Retail Florist Salesperson

May 08

Categories:
Sales

by admin

By Karen Marinelli

Goals/Overview

The telephone and counter sales person is a key element of your successful retail flower shop business. When Florists ask me for help with their business, the starting place is almost always a sobering look at look at the Profit and Loss Statement. We boil it down to the most basic statement. Sales minus Cost of Goods Sold (COGS) equals Gross Margin (GM). The GM pays all the bills beyond the suppliers’ bills. Though it can be said about any of the big three (Sales, COGS, GM%) without Sales, you’re sunk.

You can follow all the best practices for your retail flower shop to control COGS and Overhead, but if your salespeople are not selling, you’ll not have a business to manage.

So, what can you do to insure that your front line employees are performing in the best way to optimize sales? You can recruit, train and retain great people. This series of articles devotes time to recruiting, hiring, training and retaining great retail flower shop salespeople.

Recruiting and Hiring

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Recruiting can and should take place 364 days a year (one day off for Valentine’s Day). Keep your eyes and ears open for great people who have a positive demeanor, good manners and quick movements. Be open to opportunities in the form of great people at every juncture, from church to clubs and school functions. Let it be known that you are always interested in bringing great people in to your shop in one way or another. Bring these people in for holidays and big events to see how they work and how you work with them. Keep a list of people to tap for such occasions and work with them as you can to develop a relationship.

When you are in need of a permanent salesperson, start with that resource list. If the right person is not there, then it’s time to get more pro-active about your recruitment. Advertise in the local papers, hang a sign in the window of the store and one in the window of your delivery vans. Hang signs at community bulletin boards in churches, schools, fitness clubs, community centers, and senior centers.

The ad should be clear and simple. It should include the name of the shop, the nature of the position and and should direct candidates to contact you by phone. Specify a time range and a phone number. For example.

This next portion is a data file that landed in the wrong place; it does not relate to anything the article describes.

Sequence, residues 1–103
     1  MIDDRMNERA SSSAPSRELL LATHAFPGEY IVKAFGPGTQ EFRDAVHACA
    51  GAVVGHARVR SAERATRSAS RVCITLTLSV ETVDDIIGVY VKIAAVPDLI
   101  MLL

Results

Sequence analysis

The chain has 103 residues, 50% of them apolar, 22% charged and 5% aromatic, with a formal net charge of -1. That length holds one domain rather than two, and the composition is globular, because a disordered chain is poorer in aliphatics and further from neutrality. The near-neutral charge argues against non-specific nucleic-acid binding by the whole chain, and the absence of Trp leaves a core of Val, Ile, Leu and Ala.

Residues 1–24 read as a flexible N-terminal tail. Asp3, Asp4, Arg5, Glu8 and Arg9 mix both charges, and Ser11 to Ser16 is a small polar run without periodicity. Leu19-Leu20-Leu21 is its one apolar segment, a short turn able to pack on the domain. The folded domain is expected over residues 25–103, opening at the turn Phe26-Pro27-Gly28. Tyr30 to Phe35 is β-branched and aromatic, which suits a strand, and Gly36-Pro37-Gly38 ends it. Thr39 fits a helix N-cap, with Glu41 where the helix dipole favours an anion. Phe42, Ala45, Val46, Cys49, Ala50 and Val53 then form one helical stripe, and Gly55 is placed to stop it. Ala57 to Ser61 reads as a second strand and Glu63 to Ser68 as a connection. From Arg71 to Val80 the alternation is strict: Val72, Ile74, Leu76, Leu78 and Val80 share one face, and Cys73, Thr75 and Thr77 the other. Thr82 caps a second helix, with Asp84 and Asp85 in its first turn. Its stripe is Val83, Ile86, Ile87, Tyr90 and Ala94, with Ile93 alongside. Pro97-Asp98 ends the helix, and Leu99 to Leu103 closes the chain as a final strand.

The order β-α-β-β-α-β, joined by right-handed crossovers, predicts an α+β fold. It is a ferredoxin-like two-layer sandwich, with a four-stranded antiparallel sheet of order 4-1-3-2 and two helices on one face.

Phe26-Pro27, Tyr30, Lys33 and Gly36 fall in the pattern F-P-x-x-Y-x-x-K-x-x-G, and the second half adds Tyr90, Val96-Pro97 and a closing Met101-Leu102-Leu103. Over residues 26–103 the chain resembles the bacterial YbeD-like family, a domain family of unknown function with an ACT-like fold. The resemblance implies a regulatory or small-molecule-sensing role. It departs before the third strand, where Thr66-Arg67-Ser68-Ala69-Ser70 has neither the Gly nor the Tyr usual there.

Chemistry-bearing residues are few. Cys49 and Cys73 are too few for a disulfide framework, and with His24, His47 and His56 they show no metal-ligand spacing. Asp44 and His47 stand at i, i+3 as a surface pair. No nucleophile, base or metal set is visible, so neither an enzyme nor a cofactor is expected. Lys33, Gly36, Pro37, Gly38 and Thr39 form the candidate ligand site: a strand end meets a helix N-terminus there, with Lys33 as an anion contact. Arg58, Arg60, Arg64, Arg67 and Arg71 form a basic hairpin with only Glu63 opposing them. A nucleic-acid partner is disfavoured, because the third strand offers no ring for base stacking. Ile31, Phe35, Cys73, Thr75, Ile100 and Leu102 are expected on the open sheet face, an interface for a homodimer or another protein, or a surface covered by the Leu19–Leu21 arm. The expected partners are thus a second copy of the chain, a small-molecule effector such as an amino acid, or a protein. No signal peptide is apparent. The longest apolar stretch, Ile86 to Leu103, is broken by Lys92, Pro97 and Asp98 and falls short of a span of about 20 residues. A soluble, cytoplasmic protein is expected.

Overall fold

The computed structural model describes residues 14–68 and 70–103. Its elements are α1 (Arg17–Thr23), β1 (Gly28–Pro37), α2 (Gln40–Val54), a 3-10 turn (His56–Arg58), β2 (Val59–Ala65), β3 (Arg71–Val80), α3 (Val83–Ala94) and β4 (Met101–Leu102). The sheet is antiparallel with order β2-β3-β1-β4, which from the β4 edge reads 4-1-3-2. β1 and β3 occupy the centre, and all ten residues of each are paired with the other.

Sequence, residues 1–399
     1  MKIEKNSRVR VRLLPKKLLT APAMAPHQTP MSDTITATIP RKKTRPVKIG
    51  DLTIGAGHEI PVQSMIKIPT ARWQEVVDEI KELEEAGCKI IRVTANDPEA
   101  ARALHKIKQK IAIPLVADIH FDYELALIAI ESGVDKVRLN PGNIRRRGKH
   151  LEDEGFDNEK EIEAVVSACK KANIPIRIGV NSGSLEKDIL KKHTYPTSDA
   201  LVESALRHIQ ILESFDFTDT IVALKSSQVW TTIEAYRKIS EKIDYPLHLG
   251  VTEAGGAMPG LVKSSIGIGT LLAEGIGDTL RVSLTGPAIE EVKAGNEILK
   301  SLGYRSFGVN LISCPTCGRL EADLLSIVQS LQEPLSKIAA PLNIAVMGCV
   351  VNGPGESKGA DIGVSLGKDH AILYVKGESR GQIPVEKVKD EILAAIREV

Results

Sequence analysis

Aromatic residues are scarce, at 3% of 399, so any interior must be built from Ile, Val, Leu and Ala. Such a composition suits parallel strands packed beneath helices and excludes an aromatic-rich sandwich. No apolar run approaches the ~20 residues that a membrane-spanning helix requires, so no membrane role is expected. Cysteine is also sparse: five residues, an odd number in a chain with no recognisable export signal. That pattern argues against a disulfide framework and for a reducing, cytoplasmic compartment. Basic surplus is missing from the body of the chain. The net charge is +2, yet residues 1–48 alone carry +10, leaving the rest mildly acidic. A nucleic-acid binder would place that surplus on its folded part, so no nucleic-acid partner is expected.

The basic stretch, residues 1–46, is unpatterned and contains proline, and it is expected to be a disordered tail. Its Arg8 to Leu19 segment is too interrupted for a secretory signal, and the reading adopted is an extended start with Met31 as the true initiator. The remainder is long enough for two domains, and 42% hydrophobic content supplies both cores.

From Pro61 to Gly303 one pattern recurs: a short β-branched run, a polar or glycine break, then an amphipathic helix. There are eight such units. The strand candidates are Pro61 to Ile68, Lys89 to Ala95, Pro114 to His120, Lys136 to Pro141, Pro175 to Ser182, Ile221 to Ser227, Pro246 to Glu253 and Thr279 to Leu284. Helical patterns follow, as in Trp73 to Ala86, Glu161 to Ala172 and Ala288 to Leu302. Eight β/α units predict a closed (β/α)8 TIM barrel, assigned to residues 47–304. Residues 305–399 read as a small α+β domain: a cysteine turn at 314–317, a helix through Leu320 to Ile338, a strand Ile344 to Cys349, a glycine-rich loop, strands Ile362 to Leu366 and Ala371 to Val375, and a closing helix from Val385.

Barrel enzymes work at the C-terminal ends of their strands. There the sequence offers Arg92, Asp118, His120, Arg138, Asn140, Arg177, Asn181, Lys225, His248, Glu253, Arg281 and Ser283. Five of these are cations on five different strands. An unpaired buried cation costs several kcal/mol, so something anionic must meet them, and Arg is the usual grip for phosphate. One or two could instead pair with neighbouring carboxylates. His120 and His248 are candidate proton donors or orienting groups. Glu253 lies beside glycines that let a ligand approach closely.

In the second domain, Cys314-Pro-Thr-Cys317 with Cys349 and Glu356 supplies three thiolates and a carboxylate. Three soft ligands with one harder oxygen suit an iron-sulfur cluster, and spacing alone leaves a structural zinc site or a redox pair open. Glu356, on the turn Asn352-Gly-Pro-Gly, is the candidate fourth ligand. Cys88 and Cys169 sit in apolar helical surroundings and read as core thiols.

Help Wanted. ABC Flower Shop. Counter and Telephone Sales. Part time, holidays and weekends required. Call Karen 555-5555-555 M-F between 10am and Noon.

The first qualifying test is to see if these candidates can follow the simple direction. The second test is their demeanor and telephone etiquette when they do call you. You’ll need to make allowances for nerves, but in general, you should be able to tell if this candidate has the ability to work the phones.

Have a short list of qualifying questions at the ready for when those phone calls come in. I use a simple worksheet for each candidate. I record the candidate’s name, contact info, etc. Then very briefly outline the position (two sentences max.) and ask if they are still interested. If so, I ask if he or she has a moment to answer a few questions. I will ask qualifying questions such as: what times/days he is available, if he has any floral or sales experience, if he has a drivers license or computer skills, or any other required qualifications. I record the answers on the worksheet. If I am satisfied with those answers, I will arrange an in-shop interview. After hanging up, I make any notes I need to make about attitude, phone manners, etc.

Before the face to face interview, you should have a list of questions prepared. The questions should be written based on the job description and the list of attitude and aptitude requirements you have for the position.Florist3 For instance, if you are looking for a salesperson who will not be afraid to up-sell, ask questions about his last purchase, his idea of a lot of money, or his choice of restaurants or clothing stores to get an idea if the candidate has a money and price frame of reference that fits your chosen market.

When you have made your decision to hire, do it by the book and step by step. It is often very tempting to “fall in love at first sight” with a new employee. We’ve all been there and then been sorry a few weeks or months down the road when the polish is off the apple and we’re saddled with an unfortunate employee situation.

Take time at hiring to clearly set out the out the shop rules and policies. You don’t need to shock or threaten, just be straightforward. Outline guidelines for dress, conduct, customer and co-worker interaction, use of shop property, work hours, breaks, personal phone call policy, parking, breaks, performance evaluations, pay days, vacation policy, sick/personal day policy, contact numbers for shop manager and for new employee, best ways to communicate, etc. I could go on and on. You’ll never think of everything. This is also the time to issue an employee handbook. If you don’t have one, make one!!! I promise you, you’ll be glad you did.

Look for part two of this article… where we will discuss training and provide a telephone script!

Karen Marinelli is a Floral Industry Professional with twenty one years of experience in the academic, retail, and wholesale sectors of the industry. She believes the common goal should be to sell more flowers to more people, more often.